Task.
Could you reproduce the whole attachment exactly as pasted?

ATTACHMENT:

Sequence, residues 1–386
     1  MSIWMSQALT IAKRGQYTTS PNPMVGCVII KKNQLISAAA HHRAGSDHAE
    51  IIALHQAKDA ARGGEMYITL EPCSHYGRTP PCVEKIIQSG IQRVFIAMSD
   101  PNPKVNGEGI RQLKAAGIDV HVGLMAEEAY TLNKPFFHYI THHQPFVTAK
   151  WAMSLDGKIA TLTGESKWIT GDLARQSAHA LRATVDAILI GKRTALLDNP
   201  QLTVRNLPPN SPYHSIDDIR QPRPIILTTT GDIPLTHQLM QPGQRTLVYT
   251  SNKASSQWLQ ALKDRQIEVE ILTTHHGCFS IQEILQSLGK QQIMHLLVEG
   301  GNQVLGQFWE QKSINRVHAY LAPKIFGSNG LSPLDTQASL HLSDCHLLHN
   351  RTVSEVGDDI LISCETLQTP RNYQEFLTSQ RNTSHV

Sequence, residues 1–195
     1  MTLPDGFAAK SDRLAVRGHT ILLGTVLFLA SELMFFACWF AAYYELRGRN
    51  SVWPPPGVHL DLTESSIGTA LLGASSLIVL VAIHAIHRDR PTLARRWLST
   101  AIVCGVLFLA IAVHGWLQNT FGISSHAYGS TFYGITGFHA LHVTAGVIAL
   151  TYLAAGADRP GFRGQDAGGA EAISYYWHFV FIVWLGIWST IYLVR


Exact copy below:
Sequence, residues 1–386
     1  MSIWMSQALT IAKRGQYTTS PNPMVGCVII KKNQLISAAA HHRAGSDHAE
    51  IIALHQAKDA ARGGEMYITL EPCSHYGRTP PCVEKIIQSG IQRVFIAMSD
   101  PNPKVNGEGI RQLKAAGIDV HVGLMAEEAY TLNKPFFHYI THHQPFVTAK
   151  WAMSLDGKIA TLTGESKWIT GDLARQSAHA LRATVDAILI GKRTALLDNP
   201  QLTVRNLPPN SPYHSIDDIR QPRPIILTTT GDIPLTHQLM QPGQRTLVYT
   251  SNKASSQWLQ ALKDRQIEVE ILTTHHGCFS IQEILQSLGK QQIMHLLVEG
   301  GNQVLGQFWE QKSINRVHAY LAPKIFGSNG LSPLDTQASL HLSDCHLLHN
   351  RTVSEVGDDI LISCETLQTP RNYQEFLTSQ RNTSHV

Sequence, residues 1–195
     1  MTLPDGFAAK SDRLAVRGHT ILLGTVLFLA SELMFFACWF AAYYELRGRN
    51  SVWPPPGVHL DLTESSIGTA LLGASSLIVL VAIHAIHRDR PTLARRWLST
   101  AIVCGVLFLA IAVHGWLQNT FGISSHAYGS TFYGITGFHA LHVTAGVIAL
   151  TYLAAGADRP GFRGQDAGGA EAISYYWHFV FIVWLGIWST IYLVR